Nearly a year ago I wrote about a bug which was doing a great job of pretending to be a black ant. This time I have one which similarly pretends to be one of our ubiquitous Green-ants. First, the real thing:
Now here’s the mimic …
I noticed it mostly because the antennae looked vaguely wrong for an ant. Looking more and more closely, I could see (1) that the antennae curve smoothly backwards instead of having obvious elbows and pointing forwards, (2) the body is broader and (3) it has no jaws. In fact, it is the juvenile form (nymph) of a sap-sucking bug (Hemiptera), and like all its relatives it has a piercing tube, seen here tucked up against its chest, instead of jaws.
I thought it was a new species to me – I still get them occasionally in my own garden – but through Steve in Airlie Beach I found that I did know the adult but had been baffled by its difference from the nymph. Between us we have a complete sequence showing how it changes as it matures. The one above is the youngest and is the best ant-mimic; as it matures we get …
The last of these four photos shows the adult, with its wings completely covering its abdomen. The middle two are courtesy of Steven Pearson, and I thank him for permission to use his photos and for identifying my ant mimic. It’s a Pod-sucking Bug, Riptortus sp., Alydidae, Hemiptera.
Riptortus serripes seems the most likely species since it’s the only one I’m sure has been identified in this region, but Brisbane Insects shows its nymphs mimicking black ants. Either we need to look out for another species or Brisbane Insects has confused R. serripes with its smaller cousin Melanacanthus scutellaris.
Green ants (Oecophylla smaragdina) are a big feature of life in North Queensland. A lot of people dislike them for the very good reason that they sting but I don’t mind that too much because they are, after all, only defending themselves and they are fascinating to observe. I particularly admire the way they co-operate to make their nests.
They are among the many species of ant which have an amicable relationship with mealybugs. I don’t like mealybugs (Hemiptera, Pseudococcidae) as much as I like the ants, to be honest. Yes, I know mealybugs are only doing their best to survive, just like every other living creature, but they don’t do anything interesting and they do damage the plants they live on.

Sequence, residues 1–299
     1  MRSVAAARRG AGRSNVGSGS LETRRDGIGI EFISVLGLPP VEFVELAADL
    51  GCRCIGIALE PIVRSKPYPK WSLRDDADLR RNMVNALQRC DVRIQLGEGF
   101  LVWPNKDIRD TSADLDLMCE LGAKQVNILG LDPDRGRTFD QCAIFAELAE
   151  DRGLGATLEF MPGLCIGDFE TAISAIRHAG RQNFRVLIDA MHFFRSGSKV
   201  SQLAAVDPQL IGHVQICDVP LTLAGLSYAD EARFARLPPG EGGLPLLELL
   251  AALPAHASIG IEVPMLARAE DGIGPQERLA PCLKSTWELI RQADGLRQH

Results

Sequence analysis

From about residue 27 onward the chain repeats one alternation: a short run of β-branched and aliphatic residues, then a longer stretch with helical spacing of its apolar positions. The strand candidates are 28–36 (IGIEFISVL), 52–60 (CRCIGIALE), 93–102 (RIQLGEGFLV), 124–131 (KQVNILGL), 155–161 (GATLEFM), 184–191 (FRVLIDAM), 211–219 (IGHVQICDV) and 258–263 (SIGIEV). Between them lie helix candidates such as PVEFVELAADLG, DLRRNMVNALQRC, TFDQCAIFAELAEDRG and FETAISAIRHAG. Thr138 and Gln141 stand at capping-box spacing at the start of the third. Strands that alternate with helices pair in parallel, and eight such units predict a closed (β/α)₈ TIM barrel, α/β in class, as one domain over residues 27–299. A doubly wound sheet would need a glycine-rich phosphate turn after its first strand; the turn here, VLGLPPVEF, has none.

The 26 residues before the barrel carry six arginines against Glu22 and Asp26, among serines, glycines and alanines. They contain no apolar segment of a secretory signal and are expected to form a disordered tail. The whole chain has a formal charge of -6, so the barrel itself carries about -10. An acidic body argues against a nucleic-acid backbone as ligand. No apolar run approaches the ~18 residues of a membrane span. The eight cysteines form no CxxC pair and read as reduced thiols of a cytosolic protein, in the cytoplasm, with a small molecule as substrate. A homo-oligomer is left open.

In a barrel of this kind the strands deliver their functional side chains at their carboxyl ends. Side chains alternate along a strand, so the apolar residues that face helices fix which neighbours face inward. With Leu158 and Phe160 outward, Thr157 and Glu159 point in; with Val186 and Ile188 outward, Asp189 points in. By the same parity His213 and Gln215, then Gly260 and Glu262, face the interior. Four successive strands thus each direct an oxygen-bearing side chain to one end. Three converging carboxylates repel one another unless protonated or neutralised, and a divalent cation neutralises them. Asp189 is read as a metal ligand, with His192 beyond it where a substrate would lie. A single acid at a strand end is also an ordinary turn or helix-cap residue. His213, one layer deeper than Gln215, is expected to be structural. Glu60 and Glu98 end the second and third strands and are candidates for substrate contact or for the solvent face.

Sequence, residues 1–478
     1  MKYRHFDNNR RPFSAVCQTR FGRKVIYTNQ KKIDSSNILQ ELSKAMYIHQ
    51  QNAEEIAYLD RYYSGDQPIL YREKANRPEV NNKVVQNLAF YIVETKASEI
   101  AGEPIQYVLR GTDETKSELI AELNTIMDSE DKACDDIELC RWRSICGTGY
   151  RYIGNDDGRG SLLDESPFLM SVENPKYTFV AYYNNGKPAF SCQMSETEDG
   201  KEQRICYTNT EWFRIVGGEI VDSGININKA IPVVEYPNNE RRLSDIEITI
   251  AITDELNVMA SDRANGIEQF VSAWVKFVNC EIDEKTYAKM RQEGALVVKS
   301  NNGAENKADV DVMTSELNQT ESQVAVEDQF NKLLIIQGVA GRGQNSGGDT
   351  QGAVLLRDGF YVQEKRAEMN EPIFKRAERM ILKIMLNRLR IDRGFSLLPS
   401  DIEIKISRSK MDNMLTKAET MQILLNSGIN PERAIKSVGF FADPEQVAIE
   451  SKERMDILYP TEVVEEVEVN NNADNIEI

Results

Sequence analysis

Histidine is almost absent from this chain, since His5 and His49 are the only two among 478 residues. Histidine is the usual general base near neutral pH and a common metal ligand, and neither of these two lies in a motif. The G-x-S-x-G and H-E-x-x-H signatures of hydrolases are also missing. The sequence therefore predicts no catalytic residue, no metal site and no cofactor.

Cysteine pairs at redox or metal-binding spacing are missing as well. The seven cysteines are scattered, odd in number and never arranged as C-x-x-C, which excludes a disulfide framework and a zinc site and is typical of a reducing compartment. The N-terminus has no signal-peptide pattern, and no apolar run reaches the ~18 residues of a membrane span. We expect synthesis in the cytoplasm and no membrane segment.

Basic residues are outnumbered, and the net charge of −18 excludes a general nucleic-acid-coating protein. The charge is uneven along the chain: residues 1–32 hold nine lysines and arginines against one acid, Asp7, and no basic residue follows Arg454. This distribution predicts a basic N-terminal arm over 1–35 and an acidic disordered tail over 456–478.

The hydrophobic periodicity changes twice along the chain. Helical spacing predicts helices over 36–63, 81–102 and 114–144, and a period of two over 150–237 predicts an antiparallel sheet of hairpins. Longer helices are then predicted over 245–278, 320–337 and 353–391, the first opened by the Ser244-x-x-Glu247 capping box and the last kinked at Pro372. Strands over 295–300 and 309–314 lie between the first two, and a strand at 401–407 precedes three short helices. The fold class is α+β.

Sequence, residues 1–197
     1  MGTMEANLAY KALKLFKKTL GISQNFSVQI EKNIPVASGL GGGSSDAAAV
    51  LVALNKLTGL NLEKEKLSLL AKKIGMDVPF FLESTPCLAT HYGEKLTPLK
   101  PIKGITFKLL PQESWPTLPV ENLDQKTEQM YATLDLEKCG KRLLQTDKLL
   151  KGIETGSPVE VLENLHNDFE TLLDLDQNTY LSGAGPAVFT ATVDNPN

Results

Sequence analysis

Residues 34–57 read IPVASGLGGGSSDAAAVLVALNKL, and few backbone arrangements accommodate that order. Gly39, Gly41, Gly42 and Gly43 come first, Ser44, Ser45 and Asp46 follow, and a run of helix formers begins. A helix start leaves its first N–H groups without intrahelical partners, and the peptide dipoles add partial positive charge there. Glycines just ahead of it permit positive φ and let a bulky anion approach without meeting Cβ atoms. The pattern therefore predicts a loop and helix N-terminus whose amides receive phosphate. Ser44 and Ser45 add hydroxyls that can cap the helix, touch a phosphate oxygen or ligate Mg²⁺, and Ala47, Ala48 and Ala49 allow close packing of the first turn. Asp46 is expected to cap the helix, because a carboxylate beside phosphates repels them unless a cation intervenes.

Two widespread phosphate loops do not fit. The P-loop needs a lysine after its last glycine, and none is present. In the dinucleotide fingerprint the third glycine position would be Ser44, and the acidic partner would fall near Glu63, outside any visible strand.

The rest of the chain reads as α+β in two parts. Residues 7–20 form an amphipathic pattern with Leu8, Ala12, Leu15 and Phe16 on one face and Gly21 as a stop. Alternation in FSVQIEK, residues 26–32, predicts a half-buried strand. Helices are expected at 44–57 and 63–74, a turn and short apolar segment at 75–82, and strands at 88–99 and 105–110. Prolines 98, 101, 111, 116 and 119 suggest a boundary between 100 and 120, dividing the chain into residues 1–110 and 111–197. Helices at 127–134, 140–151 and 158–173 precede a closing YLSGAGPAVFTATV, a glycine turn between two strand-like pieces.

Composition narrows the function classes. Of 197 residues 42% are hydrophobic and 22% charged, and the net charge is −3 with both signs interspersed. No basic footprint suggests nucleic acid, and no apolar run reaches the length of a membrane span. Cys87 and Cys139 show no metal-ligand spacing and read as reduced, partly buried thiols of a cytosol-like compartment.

Yates Problem-solver gives the gardener’s perspective on them:
Mealybugs are small insects covered with a white mealy coating; some have white hairs attached to their bodies. The bugs feed by sucking on the plant juices. Mealybugs excrete a sticky substance called honey dew which ants like to feed on. The honeydew also provides a perfect medium for sooty mould growth. Mild temperatures and high humidity are perfect conditions for mealybugs to breed as eggs hatch every 2-3 weeks. Prolonged hot weather reduces numbers. Heavy infestations can occur on citrus trees, daphne, and other ornamental plants. Orchids and ferns, especially in shadehouses, can also become infested.
North Queenslanders know green-ants very well. Their nests of woven leaves are common in our trees, and we learn to be cautious about pushing through shrubbery because the workers drop on intruders and bite quite painfully. But there is one stage of the life cycle we rarely see: the winged queen.
Unmated queens-to-be fly from existing colonies in the wet season and, if they are lucky, mate with winged males released at the same time and then establish their own new colonies.
We visited Magnetic Island yesterday and saw dozens of the winged queens. They looked like wasps but were clumsy fliers, often crash-landing into plants or people, and in spite of their powerful jaws they were not at all aggressive.
The queen, like all flying ants, soon loses her wings. She will find a likely spot for a nest, and start laying eggs, and her children/workers will build the nest around her.
All you ever wanted to know about Green-ants: A masterpiece of evolution – Oecophylla weaver ants by Ross H. CROZIER†, Philip S. NEWEY, Ellen A. SCHLÜNS & Simon K.A. ROBSON, Myrmecological News, 13, 57-71, Vienna, April 2010. (You will need to download the pdf from the page my link takes you to.)